There were fewer homes up for sale in the first month of the year, as listings remained on subdued levels.
Latest data from SQM Research show that only 200,865 properties were listed in the market in January, down by 8% from the previous month.
The decline was more severe on an annual basis at 24.2%.
Two capital cities reported the biggest declines in listings over the month, with Melbourne hitting a drop of 11.5% and Canberra reporting a 12.8% decrease.
On a yearly basis, Brisbane clocked the most substantial fall in overall property listings at 37.6%.
Listing declines were apparent across all cities except in Darwin, which reported a 13.1% increase in overall listings from a year ago.
In terms of fresh stock added to the market over the past 30 days, there was also a substantial monthly decline at 27.6%.
Interestingly, new listings in January were only 1.8% lower than last year.
SQM Research managing director Louis Christopher said these declines in listings indicate that Australia is currently having “the mildest of slowdowns in the national housing market”.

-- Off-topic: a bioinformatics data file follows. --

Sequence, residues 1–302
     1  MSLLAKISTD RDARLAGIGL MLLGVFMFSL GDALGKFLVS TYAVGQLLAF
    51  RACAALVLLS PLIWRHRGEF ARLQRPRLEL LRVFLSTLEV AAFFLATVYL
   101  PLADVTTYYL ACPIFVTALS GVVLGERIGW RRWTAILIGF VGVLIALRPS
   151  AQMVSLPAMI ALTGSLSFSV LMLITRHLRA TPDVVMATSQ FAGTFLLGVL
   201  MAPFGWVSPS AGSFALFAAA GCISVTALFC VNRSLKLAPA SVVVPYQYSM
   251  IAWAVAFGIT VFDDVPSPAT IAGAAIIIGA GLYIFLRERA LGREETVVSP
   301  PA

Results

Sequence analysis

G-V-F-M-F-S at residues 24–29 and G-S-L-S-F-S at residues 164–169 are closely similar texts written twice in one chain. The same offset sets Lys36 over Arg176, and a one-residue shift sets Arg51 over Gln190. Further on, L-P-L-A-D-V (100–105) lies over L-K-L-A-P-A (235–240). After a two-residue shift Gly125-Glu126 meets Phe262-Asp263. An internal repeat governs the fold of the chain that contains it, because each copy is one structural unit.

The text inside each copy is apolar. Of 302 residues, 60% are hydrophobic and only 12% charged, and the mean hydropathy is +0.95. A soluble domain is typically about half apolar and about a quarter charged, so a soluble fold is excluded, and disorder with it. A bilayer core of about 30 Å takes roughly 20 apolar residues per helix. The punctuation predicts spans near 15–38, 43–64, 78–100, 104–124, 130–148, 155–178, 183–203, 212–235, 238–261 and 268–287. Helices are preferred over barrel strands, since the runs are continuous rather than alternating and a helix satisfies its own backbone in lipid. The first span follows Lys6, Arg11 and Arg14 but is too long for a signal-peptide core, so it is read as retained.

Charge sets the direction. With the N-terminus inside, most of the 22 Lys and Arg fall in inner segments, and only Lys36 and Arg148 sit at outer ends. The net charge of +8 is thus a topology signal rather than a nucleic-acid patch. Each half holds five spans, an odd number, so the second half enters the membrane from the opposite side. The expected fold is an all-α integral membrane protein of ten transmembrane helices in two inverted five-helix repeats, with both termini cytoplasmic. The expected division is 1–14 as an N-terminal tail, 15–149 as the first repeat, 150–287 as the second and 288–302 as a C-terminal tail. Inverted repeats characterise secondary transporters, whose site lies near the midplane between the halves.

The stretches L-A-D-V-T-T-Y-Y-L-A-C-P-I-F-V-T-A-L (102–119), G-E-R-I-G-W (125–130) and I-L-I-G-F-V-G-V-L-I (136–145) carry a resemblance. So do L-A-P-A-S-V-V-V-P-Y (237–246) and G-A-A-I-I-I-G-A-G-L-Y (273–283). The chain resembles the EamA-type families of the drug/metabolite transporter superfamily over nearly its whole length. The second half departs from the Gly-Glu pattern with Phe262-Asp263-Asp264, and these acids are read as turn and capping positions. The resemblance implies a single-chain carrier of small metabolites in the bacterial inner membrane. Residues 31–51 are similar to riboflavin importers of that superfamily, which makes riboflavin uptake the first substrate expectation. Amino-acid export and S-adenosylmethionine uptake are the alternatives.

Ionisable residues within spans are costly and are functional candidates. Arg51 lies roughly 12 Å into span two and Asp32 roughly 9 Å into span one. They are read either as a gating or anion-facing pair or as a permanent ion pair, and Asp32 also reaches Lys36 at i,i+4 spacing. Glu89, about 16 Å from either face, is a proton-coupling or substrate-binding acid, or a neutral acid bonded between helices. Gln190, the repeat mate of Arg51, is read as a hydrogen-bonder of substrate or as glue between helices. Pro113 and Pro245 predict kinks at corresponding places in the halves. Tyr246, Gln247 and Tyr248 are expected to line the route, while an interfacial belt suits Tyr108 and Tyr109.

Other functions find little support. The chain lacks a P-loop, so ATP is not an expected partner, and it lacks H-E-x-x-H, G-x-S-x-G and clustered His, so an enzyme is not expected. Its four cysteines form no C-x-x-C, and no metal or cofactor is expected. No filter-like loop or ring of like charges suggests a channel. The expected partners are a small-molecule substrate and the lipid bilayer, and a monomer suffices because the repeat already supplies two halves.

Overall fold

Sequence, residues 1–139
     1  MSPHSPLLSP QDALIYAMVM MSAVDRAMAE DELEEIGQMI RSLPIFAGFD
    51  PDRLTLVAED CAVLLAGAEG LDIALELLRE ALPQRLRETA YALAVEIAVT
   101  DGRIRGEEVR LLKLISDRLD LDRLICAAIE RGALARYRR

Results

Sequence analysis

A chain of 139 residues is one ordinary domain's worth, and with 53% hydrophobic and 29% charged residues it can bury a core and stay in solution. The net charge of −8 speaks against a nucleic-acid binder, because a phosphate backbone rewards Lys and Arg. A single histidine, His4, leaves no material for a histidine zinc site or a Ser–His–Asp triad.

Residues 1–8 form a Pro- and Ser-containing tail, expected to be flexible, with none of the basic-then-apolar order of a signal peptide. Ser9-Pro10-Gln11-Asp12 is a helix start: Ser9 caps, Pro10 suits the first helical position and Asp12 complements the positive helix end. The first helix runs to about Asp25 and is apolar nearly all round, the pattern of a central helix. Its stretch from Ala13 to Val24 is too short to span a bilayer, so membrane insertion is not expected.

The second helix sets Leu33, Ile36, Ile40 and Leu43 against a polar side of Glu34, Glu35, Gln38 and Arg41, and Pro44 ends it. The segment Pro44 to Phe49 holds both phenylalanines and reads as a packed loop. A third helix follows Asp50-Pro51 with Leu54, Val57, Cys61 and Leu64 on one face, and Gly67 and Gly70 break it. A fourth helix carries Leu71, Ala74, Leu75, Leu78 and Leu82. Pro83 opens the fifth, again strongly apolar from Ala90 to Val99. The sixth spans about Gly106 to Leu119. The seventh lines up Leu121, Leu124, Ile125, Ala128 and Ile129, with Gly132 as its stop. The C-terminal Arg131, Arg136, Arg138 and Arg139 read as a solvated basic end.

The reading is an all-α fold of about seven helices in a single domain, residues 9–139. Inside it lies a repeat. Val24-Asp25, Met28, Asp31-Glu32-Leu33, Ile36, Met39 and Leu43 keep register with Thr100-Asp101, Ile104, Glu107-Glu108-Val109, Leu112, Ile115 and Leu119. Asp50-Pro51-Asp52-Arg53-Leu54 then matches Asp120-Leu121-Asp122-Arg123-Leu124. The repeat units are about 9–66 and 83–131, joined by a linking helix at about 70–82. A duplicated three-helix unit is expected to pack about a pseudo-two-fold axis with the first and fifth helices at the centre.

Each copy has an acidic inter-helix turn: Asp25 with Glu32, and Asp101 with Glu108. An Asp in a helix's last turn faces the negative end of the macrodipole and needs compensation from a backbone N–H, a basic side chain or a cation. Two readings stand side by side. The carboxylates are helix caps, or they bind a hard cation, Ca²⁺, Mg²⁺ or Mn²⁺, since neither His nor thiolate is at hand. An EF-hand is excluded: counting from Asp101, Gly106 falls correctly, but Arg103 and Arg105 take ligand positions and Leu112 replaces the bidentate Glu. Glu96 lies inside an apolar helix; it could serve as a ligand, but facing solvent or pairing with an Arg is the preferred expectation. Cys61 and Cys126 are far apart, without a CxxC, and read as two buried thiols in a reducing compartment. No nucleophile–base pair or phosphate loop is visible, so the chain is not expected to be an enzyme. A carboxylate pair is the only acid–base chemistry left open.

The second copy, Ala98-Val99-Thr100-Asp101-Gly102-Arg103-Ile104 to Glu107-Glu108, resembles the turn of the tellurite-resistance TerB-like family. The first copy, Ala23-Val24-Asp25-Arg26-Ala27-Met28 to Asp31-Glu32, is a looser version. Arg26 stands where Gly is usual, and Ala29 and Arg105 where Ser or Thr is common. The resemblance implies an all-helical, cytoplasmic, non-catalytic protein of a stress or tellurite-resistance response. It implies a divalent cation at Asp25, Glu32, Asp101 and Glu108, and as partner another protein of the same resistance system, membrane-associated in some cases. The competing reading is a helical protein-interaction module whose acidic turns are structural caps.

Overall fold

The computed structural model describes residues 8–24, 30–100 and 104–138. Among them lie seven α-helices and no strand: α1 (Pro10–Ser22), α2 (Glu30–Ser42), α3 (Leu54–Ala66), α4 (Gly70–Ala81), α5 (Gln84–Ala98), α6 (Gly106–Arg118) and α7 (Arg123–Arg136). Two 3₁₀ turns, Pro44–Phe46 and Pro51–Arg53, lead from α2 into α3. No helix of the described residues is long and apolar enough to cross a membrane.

“Going forward, we are recording a move towards more auction listings over February with scheduled auctions up by about 15% compared to this time last year," he said.
"But we are not anticipating a massive surge in total new listings."
Asking prices inch down slightly
Despite the decline in listings, asking prices have fallen slightly over the past 30 days across capital cities, down by 0.7% for houses and 0.2% for units.
Only Brisbane and Adelaide registered increases in asking prices, albeit only slightly.
This was consistent with the recent CoreLogic report showing the two as the only capital cities to have maintained a price growth of above 2%.
Darwin reported the biggest decline in asking prices at 1.2% for houses and 2.1% for units.
Despite the decline across capital cities, national asking prices increased, indicating that regional and rest-of-state areas have continued to outpace state capitals.
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